No Nonsense Sevan Speaks Out

08/08/2001

We've done our best for Iraq

Responding to statements about the UN/Iraq program, its executive director Bebon Sevan, one of the most experienced and devoted civil servants, made a clear statement to the Security Council on Thursday, July 11. Sevan painted a lucid, detailed portrait of his team, caught as they are between various parties:

I should like to provide an update on a number of matters. Also, I feel duty bound, on behalf of my colleagues both at the Headquarters level and in the field, to provide clarifications with regard to a number of questions raised concerning the implementation of the programme as well as the assertions and allegations made recently in the Security Council. I feel obliged to make this statement because I do not wish our silence to be misinterpreted as a reflection of our agreement with what was stated recently. I owe it to all my colleagues , both at Headquarters and in particular to those in the field, who have been carrying out the tasks entrusted to them in implementing the mandates set forth by the Security Council, under very difficult conditions and often with personal sacrifice. Some of my colleagues have made the ultimate sacrifice in losing their lives while working with the humanitarian programme the objective of which is to serve the Iraqi people.

1. Resumption of oil exports

Iraq has started to pump oil to Ceyhan, Turkey and the first three vessels are currently under loading. The first full cargo of 2 million barrels will be leaving Iraq today. We already have received 10 oil contracts, five of which have already been approved by the United Nations Oil Overseers. The 10 contracts concerned under phase ten involve a total of 60 million barrels. Under approved contracts from phase nine of the programme, which ended on 3 July 30, 2001, there still remained 317 million barrels which have not yet been lifted, some 80 million barrels of which were designed as "transitional." At this time, about 90 million barrels from phase nine are transferred into phase ten.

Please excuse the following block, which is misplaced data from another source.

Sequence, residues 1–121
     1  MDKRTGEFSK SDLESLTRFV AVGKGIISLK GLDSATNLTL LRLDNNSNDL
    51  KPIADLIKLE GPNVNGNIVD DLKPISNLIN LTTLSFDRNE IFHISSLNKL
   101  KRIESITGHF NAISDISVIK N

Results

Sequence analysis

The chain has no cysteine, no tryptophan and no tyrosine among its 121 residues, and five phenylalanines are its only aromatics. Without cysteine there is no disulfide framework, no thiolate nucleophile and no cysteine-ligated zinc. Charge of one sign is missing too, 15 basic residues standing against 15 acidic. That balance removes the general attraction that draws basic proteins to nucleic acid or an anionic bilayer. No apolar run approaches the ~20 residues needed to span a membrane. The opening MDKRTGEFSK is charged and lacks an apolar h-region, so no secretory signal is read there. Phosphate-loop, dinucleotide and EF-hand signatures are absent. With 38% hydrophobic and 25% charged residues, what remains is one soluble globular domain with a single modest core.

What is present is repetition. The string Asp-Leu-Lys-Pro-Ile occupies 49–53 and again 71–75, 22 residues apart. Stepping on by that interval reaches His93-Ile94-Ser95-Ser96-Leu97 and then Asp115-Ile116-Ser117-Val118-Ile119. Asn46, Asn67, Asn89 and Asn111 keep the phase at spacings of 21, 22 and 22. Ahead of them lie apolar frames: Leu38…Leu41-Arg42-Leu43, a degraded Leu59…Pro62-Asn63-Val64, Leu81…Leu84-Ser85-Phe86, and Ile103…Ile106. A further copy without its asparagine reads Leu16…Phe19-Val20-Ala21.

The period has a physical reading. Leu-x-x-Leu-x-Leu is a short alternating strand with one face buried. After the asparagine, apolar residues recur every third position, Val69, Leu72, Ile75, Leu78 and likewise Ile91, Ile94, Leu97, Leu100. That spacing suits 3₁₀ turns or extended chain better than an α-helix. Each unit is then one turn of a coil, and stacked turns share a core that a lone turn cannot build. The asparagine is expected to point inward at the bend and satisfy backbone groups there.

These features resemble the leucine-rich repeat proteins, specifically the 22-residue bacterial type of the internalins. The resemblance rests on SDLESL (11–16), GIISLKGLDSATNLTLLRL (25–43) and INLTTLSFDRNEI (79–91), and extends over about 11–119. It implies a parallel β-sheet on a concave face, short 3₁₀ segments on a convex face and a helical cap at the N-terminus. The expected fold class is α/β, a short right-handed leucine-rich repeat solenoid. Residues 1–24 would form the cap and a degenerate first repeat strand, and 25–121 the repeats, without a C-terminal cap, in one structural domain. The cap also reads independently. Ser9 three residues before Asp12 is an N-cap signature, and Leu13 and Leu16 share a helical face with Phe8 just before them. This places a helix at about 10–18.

2. Revenues

As at 4 July 30, 2001, the total of oil proceeds deposited in the United Nations Iraq Account since the start of the implementation of the Programme in December 1996, was $37,333,886,478.06 and 8,221,937,774 Euros. Since the inception of the humanitarian programme, the US Dollar account has accrued $1,000,641,781.66 and the Euro Account had accrued 19,646,364.78 Euros in interest income. Every cent and every centime deposited in the United Nations Iraq Account has been invested from the first day oil proceeds were collected. The earnings have been ploughed back into the Programme for the benefit of the people of Iraq and for additional humanitarian purchases to be made by the Government of Iraq.

Since the start of phase nine in December 2000, the Programme receives 72 percent of the total revenues of oil exports, 59 percent for the 15 governorates in the center/south of Iraq and 13 percent for the three northern governorates of Dahuk, Erbil and Sulaymaniyah. Prior to that, 66 percent of the total revenues received from oil exports , 53 percent were allocated for the 15 governorates in the center/south of Iraq.

As at 30 June 2001, a total of $30 billion was allocated for the Programme--$26.8 billion to the Government of Iraq for procurement of humanitarian supplies for the 15 governorates in the center/south, including the bulk purchase of food, medicine/vaccines for all the governorates or Iraq as well as for oil spare parts and equipment. The balance of $3.2 billion was made available to the United Nations agencies and programmes for the implementation of the Programme, on behalf of the Government of Iraq, in the three northern governorates.